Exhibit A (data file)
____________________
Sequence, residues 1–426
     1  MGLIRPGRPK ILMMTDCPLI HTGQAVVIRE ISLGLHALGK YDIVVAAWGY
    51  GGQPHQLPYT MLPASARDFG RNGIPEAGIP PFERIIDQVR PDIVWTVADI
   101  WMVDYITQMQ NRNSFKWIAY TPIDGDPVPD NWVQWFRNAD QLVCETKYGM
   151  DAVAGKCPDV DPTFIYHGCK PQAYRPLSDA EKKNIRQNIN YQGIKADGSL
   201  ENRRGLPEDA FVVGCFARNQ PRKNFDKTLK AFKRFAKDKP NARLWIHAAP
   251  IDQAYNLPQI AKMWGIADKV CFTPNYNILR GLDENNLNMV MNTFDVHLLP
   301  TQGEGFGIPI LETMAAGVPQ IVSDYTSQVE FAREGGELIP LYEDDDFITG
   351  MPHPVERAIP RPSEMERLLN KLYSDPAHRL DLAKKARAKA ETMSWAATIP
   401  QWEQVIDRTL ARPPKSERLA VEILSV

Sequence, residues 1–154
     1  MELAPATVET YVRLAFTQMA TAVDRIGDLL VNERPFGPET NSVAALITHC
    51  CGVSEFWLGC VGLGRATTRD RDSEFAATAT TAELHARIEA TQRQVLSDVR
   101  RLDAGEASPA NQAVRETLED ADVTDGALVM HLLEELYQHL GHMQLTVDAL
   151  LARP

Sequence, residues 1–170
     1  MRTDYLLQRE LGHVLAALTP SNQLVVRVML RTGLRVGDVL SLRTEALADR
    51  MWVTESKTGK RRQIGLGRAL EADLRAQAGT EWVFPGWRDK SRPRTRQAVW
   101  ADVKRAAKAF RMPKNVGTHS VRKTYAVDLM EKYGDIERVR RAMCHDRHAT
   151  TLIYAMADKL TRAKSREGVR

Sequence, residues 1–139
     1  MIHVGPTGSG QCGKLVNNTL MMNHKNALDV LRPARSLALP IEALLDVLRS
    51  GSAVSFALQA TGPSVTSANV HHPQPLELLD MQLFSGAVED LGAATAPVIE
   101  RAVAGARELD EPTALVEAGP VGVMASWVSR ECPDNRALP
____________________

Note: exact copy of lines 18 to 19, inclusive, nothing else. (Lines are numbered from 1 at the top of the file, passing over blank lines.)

    51  MWVTESKTGK RRQIGLGRAL EADLRAQAGT EWVFPGWRDK SRPRTRQAVW
   101  ADVKRAAKAF RMPKNVGTHS VRKTYAVDLM EKYGDIERVR RAMCHDRHAT